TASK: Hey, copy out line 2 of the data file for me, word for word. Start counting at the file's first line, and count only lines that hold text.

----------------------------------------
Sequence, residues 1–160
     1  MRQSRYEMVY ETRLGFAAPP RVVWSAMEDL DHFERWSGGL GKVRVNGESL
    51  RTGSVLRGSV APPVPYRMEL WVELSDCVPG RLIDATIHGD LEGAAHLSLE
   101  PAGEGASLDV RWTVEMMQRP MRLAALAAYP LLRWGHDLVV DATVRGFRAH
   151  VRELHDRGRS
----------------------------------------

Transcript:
     1  MRQSRYEMVY ETRLGFAAPP RVVWSAMEDL DHFERWSGGL GKVRVNGESL